Our first problem started just after World War I when things began to boom. I can remember well. I was raised in the same neighborhood where I lived then and I knew them farmers. Nearly all the older farmers owned their farms. But when things began to boom, there was any amount of them that bought farms, either just to enlarge or bought for their children. And there was nine out of ten of them that lost their land. I had one brother that kept on buying all this high priced stuff. He said, "It can't never go back again. Can't now, no. You will never see these cheap times again." But he saw them and we saw them pretty quick. And it just about cleaned him out, too.
That's what I've told them all along about this one now. And to some extent it has been that-a-way. Of course, it's nothing now like it was then. You take cattle. Cattle is still pretty high, but they have went down to where there is no profit in them. We sold several cows right here that didn't bring half as much as they did two or three years ago. Now that's quite a drop. And somehow they could keep a-holding on. But farmers that got them have to take the loss. Now they can take the loss, so it don't hurt the ones that got them as bad as it hurt the poor ones back in those days.
Even though the depression was rough on me, in a way I'd have to admit I've been successful in getting by this far anyway, and I got everything, I guess, that I dreamed of, so I think that would be getting success. I ain't been no big success if it means getting out and making wealth. I don't believe money can make a person happy, but it can come in pretty handy a lot of times. What would make me more happy than to have a lot of money would be able to get along with everybody in the neighborhood and be friendly and see things a-going right. That's make me a lot happier than it would just making another dollar and putting it in the bank.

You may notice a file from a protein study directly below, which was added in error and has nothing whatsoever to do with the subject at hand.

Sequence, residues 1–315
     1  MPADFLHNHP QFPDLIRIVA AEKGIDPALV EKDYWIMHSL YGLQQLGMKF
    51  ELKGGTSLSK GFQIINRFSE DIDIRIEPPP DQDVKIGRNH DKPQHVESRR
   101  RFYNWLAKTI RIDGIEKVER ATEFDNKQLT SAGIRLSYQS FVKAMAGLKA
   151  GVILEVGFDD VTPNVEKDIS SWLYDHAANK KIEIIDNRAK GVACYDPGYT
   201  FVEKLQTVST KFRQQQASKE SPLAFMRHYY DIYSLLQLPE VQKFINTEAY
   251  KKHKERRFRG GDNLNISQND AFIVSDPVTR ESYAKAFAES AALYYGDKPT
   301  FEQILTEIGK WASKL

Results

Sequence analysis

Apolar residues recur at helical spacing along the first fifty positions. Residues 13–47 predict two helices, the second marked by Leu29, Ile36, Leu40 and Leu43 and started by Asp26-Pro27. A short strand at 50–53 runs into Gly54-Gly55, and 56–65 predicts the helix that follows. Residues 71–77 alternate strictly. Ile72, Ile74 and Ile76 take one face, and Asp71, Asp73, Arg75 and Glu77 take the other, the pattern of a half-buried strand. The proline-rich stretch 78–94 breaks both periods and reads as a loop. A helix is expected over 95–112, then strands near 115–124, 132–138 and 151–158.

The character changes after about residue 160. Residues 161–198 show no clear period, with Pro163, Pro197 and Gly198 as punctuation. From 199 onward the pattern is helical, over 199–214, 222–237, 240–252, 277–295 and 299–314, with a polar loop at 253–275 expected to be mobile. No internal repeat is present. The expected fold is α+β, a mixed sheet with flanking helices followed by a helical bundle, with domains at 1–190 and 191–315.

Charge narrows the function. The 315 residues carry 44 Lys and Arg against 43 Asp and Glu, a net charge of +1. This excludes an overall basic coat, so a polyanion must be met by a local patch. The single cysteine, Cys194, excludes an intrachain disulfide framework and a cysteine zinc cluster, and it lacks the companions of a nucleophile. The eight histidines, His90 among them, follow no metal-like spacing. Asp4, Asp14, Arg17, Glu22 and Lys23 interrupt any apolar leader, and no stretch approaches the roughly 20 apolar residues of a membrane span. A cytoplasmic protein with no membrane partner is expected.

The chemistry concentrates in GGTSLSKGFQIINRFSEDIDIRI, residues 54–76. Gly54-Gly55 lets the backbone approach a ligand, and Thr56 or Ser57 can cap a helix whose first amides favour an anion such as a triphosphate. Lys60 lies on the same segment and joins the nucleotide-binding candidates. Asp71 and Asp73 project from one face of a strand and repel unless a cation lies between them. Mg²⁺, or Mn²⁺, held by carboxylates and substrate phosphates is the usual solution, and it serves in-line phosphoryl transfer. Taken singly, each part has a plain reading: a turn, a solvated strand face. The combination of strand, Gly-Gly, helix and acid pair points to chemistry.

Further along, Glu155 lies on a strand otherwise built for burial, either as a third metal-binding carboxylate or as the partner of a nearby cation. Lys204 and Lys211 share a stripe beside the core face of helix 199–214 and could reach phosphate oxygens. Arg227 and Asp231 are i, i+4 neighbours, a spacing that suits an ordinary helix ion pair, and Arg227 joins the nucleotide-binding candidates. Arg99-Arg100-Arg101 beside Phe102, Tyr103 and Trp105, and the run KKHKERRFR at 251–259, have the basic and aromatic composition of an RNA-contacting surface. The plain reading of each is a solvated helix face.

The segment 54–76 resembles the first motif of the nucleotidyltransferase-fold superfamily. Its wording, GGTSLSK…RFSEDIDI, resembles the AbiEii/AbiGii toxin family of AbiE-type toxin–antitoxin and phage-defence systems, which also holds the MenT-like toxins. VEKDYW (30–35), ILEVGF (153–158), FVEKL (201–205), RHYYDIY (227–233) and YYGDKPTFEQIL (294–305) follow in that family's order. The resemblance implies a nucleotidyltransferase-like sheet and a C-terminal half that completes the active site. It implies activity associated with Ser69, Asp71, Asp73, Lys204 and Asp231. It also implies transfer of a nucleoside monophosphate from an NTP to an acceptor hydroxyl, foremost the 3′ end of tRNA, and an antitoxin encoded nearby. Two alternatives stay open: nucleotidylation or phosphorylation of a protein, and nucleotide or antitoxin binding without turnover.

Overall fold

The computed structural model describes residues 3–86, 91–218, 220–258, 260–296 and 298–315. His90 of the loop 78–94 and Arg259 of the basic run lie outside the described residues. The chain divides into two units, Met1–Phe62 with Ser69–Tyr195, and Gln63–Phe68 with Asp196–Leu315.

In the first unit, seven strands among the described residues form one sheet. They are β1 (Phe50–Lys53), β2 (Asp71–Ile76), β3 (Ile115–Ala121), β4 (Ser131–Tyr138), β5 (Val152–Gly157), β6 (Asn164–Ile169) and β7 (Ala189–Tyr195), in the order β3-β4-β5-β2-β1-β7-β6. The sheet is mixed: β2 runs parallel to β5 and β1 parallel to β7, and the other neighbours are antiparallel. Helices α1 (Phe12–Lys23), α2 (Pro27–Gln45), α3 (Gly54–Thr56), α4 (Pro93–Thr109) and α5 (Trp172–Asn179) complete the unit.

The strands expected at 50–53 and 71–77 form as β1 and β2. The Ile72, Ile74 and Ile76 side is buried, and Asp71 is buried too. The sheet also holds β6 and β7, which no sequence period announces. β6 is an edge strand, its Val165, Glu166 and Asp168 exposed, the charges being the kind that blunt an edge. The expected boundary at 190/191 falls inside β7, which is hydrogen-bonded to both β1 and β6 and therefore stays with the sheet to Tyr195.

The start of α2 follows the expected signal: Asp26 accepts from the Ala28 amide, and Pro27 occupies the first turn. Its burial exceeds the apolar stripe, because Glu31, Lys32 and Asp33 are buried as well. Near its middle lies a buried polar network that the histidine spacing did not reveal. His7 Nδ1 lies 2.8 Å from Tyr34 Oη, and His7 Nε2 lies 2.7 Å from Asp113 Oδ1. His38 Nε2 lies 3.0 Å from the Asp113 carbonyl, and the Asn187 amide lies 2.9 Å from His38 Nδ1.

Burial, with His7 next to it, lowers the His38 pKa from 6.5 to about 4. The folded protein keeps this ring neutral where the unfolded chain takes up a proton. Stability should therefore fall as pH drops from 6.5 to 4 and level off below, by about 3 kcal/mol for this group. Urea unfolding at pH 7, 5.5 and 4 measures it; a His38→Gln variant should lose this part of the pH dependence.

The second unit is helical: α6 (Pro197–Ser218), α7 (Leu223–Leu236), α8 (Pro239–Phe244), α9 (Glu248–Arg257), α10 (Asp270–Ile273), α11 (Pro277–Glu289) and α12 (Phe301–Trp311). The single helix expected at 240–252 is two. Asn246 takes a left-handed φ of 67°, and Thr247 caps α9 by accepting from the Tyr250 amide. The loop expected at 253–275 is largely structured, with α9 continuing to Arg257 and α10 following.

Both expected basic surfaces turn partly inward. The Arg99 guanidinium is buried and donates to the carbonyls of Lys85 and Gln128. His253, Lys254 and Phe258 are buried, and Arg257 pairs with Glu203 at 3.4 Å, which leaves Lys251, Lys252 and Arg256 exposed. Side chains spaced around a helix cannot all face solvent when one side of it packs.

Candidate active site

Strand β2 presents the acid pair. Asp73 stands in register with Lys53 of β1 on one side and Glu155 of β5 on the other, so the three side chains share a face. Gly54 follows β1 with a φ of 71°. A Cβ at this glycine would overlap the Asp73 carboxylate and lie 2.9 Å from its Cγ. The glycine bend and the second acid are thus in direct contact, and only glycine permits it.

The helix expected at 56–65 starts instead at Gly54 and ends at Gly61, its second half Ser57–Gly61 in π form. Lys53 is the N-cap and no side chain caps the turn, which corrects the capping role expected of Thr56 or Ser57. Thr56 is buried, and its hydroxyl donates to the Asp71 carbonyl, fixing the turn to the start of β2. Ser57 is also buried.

A man that used to live down at Brush Creek here said his father and mother back before Roosevelt's day when he guaranteed the banks, he said they just saved until they had about seven or eight hundred dollars in the bank, and the bank went busted. He said they'd been laying this money up--they didn't make much--just a-saving a little at a time until they got a few hundred dollars ahead there. When the bank went busted they only got paid back about five cents on the dollar. And oh, he said, they was just worried to death over it. He told them, "Now there's not a bit of use for you to take on about it. You still got them papers and that's all the good it ever done you anyway, so just leave them there and go ahead adding on to them." That wasn't very good logic, but it was about the truth as far as people is concerned. The money you lay away might give you a little pleasure to know that in case of emergency that you'd have it to keep you going, and I think it is a smart thing to do, but on the other hand, as long as you don't use it, it'll not do you any good.